While I was slogging away in the nether regions of fabulous Orange County throughout February and March, two reviews of anthology Alien Contact were published in online 'zines.
The first review, published on February 21, is courtesy of Josh Vogt (@JRVogt), Speculative Fiction Editor for examiner.com. From the review:
Alien Contact is a new short story anthology taking readers through 30 years of extraterrestrial fiction. As with many short story collections, there's a little bit of everything here. From the humorous to the horrifying, the inspiring to the incomprehensible. Often, I count an anthology successful if it leaves a lasting impression with at least a couple stories--and this one hits the mark more than once.
He goes on to review a few of his favorite stories, stating: "Of them all, 'Sunday Night Yams at Minnie and Earl's,' by Adam-Troy Castro, reigned supreme." Josh concludes his review with:
The second review, from Laith Preston, appeared on The Dragon Page (@dragonpage) on March 1:Alien Contact is a strong collection of science fiction short stories, well worth a hefty slot in your reading schedule. As with any anthology, there are entries that fall a bit flat, or leave you wondering what the point of it all was--but these are few and far between here. For all those who've wondered whether we're alone in this universe (and desperately hope this isn't the case), this collection will uplift your imagination and give you access to a wider reality where anything is possible.
I'm always on the lookout for good reading and new authors to follow. Alien Contact is something of a veritable who's who of the current genre greats, with some names I'm not as familiar with in the mix as well.With twenty-six short stories telling tales of man meeting with other intelligences, Marty Halpern has pulled together an anthology filled with hours of enjoyable reading.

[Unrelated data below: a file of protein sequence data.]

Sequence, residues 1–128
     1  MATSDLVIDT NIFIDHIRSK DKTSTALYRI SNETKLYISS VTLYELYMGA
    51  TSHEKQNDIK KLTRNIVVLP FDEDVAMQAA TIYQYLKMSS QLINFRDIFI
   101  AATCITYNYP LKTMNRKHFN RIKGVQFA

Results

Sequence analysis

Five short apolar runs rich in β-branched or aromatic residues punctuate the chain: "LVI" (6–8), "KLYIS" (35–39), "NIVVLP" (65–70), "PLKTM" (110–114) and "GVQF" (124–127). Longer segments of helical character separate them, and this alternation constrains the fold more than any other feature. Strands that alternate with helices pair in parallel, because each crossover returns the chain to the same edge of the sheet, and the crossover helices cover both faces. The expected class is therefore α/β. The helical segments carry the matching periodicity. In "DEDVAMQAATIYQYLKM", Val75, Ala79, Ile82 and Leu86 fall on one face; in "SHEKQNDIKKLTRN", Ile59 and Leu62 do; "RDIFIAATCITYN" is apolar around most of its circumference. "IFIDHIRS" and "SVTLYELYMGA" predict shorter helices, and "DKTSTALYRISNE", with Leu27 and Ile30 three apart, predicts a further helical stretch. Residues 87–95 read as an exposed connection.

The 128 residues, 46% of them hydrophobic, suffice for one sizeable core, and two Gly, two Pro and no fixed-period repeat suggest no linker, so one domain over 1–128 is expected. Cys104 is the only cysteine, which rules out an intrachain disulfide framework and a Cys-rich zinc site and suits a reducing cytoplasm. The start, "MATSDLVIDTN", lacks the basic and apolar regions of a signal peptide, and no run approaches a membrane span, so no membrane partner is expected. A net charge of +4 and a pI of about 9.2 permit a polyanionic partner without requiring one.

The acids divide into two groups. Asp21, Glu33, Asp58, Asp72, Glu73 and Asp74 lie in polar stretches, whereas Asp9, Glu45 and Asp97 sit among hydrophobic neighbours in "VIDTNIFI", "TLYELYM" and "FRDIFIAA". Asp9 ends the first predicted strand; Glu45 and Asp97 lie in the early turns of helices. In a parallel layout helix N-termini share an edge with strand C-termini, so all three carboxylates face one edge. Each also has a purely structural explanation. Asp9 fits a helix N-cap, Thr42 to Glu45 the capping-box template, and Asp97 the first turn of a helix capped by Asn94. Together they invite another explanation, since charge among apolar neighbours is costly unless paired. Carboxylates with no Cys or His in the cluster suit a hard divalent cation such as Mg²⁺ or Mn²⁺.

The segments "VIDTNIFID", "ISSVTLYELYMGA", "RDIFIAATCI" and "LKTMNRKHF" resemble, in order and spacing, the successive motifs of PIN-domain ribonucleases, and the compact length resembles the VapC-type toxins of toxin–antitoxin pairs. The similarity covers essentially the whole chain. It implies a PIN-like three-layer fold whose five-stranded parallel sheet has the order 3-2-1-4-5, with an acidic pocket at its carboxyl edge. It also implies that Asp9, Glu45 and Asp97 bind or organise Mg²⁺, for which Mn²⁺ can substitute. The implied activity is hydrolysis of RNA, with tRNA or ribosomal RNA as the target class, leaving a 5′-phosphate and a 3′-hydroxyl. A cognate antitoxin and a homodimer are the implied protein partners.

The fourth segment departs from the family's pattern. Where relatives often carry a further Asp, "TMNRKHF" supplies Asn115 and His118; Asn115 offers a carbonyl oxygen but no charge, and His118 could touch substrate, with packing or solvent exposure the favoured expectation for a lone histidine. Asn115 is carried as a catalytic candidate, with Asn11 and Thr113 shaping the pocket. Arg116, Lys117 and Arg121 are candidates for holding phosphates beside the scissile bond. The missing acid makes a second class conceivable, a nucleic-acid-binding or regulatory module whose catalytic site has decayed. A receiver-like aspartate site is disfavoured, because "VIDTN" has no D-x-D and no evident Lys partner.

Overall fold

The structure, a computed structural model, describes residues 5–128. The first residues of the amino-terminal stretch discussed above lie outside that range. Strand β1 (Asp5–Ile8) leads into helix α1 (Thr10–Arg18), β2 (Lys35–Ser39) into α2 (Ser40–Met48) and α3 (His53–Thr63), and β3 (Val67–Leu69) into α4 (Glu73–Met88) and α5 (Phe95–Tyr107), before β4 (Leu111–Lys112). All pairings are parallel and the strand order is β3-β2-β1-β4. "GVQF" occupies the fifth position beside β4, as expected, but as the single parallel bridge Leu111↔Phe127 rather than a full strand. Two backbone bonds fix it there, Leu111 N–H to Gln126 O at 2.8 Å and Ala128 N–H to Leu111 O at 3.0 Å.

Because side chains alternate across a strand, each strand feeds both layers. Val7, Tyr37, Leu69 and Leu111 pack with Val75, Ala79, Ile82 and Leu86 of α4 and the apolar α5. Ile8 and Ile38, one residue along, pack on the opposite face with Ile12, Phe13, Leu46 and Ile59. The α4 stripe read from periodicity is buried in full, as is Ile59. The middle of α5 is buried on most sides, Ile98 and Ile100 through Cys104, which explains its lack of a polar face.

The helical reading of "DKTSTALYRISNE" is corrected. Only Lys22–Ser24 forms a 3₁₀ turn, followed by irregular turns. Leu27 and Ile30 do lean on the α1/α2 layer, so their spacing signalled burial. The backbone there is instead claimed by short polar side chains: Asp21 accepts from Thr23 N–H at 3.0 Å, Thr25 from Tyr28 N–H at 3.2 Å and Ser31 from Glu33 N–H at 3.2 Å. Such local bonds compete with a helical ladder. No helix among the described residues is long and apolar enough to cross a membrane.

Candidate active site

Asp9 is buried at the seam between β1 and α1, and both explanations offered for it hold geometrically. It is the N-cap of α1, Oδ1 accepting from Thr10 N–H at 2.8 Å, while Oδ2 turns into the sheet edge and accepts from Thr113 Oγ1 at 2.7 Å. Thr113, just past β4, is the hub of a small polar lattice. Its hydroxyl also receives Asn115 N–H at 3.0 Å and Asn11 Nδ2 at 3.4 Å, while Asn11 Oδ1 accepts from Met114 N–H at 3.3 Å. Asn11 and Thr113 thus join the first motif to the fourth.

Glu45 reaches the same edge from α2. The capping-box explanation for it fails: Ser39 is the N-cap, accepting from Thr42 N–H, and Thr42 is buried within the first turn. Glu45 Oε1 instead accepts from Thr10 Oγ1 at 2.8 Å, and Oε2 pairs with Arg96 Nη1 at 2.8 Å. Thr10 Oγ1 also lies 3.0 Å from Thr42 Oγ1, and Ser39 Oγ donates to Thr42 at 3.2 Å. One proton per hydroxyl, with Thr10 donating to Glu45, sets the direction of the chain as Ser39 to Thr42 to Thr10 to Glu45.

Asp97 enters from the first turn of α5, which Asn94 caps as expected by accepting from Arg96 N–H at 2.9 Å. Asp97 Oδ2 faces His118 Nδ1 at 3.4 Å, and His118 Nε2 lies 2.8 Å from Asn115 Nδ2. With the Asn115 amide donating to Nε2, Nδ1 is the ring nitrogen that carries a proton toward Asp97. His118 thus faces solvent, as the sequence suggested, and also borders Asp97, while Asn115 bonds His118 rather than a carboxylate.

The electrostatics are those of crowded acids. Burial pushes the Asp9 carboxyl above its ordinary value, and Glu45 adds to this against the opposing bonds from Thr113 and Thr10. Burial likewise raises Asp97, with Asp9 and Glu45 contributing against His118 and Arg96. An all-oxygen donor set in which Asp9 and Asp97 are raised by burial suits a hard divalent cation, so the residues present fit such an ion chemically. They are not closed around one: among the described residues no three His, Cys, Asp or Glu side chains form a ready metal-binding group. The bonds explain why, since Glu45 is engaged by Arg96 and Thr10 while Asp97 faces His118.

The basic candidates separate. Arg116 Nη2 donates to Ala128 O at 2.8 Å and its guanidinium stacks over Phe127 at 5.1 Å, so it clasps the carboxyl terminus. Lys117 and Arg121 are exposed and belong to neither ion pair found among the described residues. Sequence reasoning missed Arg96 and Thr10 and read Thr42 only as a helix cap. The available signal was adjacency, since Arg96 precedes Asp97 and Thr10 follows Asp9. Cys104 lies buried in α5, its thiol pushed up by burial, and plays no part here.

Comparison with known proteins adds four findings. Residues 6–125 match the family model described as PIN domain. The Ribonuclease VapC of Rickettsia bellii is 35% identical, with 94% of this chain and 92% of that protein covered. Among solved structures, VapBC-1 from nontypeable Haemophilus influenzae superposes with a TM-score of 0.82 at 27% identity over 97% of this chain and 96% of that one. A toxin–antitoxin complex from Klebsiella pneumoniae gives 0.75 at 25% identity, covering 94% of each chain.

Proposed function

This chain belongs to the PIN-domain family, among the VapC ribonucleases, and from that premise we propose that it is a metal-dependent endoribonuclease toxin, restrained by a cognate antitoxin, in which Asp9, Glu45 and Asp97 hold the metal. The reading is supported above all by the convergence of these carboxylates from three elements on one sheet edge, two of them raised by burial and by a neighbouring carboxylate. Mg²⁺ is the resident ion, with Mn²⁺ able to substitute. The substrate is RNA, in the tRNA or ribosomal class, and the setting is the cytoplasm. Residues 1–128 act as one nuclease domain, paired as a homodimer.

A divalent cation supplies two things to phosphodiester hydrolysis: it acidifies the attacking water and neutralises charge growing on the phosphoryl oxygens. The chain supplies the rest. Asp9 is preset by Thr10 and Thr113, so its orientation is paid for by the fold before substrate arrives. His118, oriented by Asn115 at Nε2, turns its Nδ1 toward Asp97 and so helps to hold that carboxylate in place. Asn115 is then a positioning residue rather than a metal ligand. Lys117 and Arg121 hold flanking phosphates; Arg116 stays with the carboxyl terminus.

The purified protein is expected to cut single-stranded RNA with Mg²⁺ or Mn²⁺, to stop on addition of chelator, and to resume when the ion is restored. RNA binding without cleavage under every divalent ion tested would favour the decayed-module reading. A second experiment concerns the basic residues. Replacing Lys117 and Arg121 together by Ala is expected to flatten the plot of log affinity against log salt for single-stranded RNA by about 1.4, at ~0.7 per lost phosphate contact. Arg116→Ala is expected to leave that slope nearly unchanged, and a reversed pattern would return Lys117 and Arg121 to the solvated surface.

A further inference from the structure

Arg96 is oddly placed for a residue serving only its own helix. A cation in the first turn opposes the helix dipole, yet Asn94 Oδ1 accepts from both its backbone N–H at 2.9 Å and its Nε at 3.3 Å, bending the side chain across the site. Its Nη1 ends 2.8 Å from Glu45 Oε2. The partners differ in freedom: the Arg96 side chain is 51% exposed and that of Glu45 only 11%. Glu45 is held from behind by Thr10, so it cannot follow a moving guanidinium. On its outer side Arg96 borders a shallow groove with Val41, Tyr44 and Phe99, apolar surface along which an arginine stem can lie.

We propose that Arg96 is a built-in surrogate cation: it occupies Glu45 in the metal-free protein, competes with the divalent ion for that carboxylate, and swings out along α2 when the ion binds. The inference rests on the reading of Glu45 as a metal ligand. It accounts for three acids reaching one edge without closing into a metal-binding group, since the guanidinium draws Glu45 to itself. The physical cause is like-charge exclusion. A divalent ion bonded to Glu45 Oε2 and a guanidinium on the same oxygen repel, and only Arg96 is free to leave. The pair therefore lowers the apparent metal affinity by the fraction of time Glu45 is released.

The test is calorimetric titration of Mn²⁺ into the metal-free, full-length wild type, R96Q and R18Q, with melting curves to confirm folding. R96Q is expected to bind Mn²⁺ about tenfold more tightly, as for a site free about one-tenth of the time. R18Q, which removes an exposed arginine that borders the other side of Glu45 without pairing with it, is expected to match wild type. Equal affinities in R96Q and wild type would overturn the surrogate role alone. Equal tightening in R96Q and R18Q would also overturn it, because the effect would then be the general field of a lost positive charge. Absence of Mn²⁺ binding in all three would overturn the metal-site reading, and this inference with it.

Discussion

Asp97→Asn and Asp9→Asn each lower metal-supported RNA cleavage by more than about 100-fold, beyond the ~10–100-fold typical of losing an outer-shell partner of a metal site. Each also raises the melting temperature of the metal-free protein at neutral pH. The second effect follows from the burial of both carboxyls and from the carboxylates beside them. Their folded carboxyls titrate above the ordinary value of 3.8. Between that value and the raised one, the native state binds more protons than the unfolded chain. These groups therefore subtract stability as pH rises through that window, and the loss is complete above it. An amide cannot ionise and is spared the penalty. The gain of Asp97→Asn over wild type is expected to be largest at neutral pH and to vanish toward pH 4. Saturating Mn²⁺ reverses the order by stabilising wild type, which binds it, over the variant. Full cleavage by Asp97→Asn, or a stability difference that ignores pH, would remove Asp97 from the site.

One of the reviewer's favorite stories in the anthology was Harry Turtledove's "The Road Not Taken" -- "An extremely well told tale of the first meeting between two races, one more advanced than the other, and the unexpected outcome of that meeting." Laith sums up his review with: "I would highly recommend this anthology to fans of good short form Science Fiction."
And now for something related, but completely different:
Ernest Hogan (@NestoHogan), one of the contributing authors to Alien Contact, has finally published his long-out-of-print novel, Cortez on Jupiter, in various eBook formats.
His story "Guerrilla Mural of a Siren's Song" -- in Alien Contact -- formed the beginning of novel Cortez on Jupiter. And if you think "Guerrilla Mural..." is/was the zaniest story you ever read, just wait until you read the full novel!
From the novel's PR material:
Cortez on Jupiter is currently available for a whopping 99-cents at Amazon.com, Barnes & Noble, and Smashwords."All cultures have some acceptable form of human sacrifice. And if you really want to cause trouble, try taking it away."Mythoteching. Splatterpainting. Zapware. A wild young Chicano artist who covers Greater Los Angeles with fantastic graffiti. A beautiful African telepath who opens the door to communications with the deadly Sirens of Jupiter.Not since Ayn Rand's Howard Roarke has there been an artist as iconoclastic, as idealistic, and as splendidly spectacular as Pablo Cortez. Combining hard science fiction with pyrotechnics worthy of the young Alfred Bester, Cortez on Jupiter, tells the story of the painter who founds the Guerrilla Muralists Of Los Angeles, goes on to make Mankind's first contact with the sentient life-forms of Jupiter, and ends as the Solar System's most revered -- and least reverent -- artist.
In July 2011, I posted on this blog the complete "Guerrilla Mural of a Siren's Song" in three parts; so if you haven't read about Pablo Cortez as yet -- that over-the-top, crazy-as-an-artist Chicano painter -- then this is your opportunity: you won't read anything else like it! Here's the link to Part 1.
Recently, on his blog, Ernesto has been sharing excerpts from a number of Cortez on Jupiter reviews from back in the day of its original publication (Tor Books, 1990), including what he has termed "the worst review" ever. If you're an author, you'll appreciate how Ernesto has tweaked a blurb from that negative review into something very positive.